Hypertensive putaminal hemorrhage remains a major cause of hemorrhagic stroke carrying extremely high morbidity. Considerable controversy remains regarding the optimal form of therapy. Between 1983 and 1989 we conducted a prospective randomized trial with three treatment strategies: best medical management, best medical management plus intracranial pressure monitoring, and surgical evacuation. Only patients with significant deficit harboring a putaminal hematoma at least 3.0cm in diameter were entered. The study was interrupted after 21 patients had been studied (9, best medical management; 4, intracranial pressure monitoring; and 8, surgical evacuation). No differences were found among groups for age, admission blood pressure, and time interval between onset of symptoms and arrival at hospital. None of the subjects were capable of returning to prestroke activity. Fifteen (71%) died or remained vegetative at 6 months, and only 4 (19%) were capable of independent life at home. Of the 9 patients in the best medical management arm, 7 were dead or vegetative. In the surgical group, 4 patients died and only 2 were capable of independent life. These results suggest that current medical and neurosurgical therapies remain ineffective in preventing the devastating neurologic consequences of hypertensive putaminal hemorrhage.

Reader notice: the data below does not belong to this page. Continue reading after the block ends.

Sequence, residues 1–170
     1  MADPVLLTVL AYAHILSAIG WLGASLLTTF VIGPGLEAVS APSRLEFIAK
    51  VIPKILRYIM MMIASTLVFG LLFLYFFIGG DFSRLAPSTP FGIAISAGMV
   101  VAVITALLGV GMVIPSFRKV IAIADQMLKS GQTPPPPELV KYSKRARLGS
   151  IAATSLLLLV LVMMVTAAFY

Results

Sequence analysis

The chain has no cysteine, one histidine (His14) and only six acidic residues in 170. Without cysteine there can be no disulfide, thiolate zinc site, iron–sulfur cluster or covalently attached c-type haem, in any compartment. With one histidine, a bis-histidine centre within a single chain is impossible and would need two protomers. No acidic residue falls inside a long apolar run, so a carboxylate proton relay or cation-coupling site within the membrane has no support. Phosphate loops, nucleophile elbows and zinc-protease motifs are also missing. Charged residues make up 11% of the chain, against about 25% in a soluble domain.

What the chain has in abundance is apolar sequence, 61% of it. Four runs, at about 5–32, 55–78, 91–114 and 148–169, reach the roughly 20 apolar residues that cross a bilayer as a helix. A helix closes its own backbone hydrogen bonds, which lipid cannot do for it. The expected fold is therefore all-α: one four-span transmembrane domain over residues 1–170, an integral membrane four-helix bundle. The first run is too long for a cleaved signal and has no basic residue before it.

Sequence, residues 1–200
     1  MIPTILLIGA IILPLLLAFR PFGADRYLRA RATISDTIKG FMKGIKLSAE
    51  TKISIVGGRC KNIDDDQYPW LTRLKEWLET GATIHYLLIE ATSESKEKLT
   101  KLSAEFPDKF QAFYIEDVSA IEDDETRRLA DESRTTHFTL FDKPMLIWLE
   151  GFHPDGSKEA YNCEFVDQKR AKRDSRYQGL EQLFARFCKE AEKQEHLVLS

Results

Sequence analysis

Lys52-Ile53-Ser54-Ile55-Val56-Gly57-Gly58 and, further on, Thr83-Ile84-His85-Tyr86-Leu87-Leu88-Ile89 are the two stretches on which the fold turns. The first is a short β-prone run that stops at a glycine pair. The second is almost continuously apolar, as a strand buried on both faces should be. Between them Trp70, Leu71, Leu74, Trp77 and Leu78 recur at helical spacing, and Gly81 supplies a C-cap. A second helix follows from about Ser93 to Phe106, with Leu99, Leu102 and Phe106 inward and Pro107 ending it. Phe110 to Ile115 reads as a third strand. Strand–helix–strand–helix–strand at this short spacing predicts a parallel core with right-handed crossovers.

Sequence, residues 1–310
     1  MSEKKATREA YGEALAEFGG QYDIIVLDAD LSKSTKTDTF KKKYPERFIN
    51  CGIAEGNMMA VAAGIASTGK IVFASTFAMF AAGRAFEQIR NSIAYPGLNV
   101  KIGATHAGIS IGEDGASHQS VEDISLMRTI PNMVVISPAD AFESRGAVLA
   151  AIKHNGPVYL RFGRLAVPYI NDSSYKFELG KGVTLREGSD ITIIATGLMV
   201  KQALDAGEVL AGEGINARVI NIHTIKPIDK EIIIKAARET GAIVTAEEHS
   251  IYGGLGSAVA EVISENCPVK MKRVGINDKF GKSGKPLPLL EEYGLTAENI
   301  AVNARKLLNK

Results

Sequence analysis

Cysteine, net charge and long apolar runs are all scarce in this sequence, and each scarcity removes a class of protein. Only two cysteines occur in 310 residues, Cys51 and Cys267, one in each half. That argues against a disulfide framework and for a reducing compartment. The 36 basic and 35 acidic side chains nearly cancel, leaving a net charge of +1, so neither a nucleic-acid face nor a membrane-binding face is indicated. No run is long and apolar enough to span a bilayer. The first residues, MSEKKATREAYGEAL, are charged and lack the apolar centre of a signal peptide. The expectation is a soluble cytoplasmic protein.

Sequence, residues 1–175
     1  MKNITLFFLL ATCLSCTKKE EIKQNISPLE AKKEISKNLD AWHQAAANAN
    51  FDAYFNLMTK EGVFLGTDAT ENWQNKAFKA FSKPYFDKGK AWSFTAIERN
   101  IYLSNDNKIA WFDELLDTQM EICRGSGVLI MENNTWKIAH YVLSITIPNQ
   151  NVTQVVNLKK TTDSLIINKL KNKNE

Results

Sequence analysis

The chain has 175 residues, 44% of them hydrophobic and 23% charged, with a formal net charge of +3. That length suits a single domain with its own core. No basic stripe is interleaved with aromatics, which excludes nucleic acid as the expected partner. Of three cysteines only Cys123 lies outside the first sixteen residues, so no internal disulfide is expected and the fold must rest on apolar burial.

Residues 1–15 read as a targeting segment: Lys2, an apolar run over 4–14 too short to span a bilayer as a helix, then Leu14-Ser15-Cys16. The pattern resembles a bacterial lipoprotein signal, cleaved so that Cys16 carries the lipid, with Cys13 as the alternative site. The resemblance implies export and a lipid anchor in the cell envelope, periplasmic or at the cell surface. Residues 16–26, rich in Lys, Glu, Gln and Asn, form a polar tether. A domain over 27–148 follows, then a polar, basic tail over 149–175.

|Original language||English (US)|
|Number of pages||4|
|Journal||Archives of neurology|
|State||Published - Oct 1990|
ASJC Scopus subject areas
- Arts and Humanities (miscellaneous)
- Clinical Neurology